'Suicide Squad' star Adewale Akinnuoye-Agbaje dashes hopes of Killer Croc return (exclusive)
British actor Adewale Akinnuoye-Agbaje doesn’t think he’ll be returning to the role of Killer Croc any time soon, though he is thankful for his Suicide Squad job.
The 51-year-old spent five hours every day in the make-up chair to embody the reptilian Batman foe and is in no rush to reprise the role in James Gunn’s upcoming reinvention of the story.
“I don’t think I need to [do it again], to be honest,” he tells Yahoo Movies UK. “I did it, I enjoyed it, it bought me a Bentley and I will keep moving on.”
Read more: Lessons that Suicide Squad can learn from Guardians of the Galaxy
Akinnuoye-Agbaje is promoting his raw, fearsome directorial debut Farming, which takes its title from the trend of Nigerian parents handing their kids to white foster families, which was popular in the UK between the 1960s and 1980s.
But he also reflects on his work in the world of comic book movies, which has included roles as Kurse in Thor: The Dark World as well as Killer Croc.
The actor says he didn’t worry too much about the backlash to Suicide Squad, which was negatively reviewed by critics despite its mammoth $747m (£610m) haul at the global box office.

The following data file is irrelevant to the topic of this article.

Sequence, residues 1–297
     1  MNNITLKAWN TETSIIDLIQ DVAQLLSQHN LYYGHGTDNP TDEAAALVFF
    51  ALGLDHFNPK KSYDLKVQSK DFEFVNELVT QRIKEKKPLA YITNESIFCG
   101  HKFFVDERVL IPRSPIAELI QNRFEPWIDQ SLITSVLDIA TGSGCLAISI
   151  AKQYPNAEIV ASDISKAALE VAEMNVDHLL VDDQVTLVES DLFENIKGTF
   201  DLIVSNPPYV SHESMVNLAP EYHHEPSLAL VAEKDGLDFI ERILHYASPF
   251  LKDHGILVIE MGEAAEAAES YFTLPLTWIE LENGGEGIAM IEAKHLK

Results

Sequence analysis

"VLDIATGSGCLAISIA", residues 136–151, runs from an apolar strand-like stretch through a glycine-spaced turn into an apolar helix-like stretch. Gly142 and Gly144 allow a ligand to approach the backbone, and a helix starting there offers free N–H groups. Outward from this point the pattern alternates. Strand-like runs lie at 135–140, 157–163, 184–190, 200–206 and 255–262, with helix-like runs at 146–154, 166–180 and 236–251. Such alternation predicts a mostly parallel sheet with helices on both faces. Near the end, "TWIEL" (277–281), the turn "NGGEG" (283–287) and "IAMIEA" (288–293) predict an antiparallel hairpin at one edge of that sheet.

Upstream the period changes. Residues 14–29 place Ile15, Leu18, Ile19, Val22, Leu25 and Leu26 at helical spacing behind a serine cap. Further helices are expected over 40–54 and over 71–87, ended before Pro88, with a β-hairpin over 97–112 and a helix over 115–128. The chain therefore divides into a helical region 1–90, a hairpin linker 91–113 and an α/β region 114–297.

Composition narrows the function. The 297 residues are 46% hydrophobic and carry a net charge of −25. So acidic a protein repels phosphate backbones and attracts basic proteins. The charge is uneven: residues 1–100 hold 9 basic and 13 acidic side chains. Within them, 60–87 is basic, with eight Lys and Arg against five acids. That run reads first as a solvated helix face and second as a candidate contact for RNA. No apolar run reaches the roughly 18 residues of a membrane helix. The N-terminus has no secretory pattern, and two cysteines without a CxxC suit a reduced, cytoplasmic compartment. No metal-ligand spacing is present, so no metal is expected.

He says: “To be quite honest with you, I think I went on to something quite quickly afterwards.
“Particularly with that kind of genre movie, I don’t take the criticism or reactions too seriously. It’s supposed to be just fun.”
Read more: New Suicide Squad will be tonally different, says Jai Courtney
Akinnuoye-Agbaje also came close to playing another superhero role, having met with Marvel about potentially playing Black Panther, before Chadwick Boseman was cast as the King of Wakanda.
“I think we were at a point where we had discussions [with Marvel] about other things I would like to pursue and I took a meeting [about Black Panther],” he reveals.
“As an actor, you do these meetings and some of them go somewhere, but some of them don’t.
“What I can say is that, having seen the latest rendition, I’m just happy that it came out.”
In the wake of Black Panther’s success, Marvel is moving towards a more diverse slate of superheroes for its announced phase four, including a film for Asian hero Shang-Chi and a Disney+ TV show for Ms. Marvel — the company’s first Muslim hero.
Read more: Behind Black Panther’s return in Endgame
According to Akinnuoye-Agbaje, the film has paved the way for non-white creatives to tell their stories on the big screen.
He says: “The impact it has had in the industry in convincing them that there is a palatable black audience for black films has only strengthened the audience for a film like Farming.”
Farming is released in UK cinemas on 11 October. Watch a trailer below.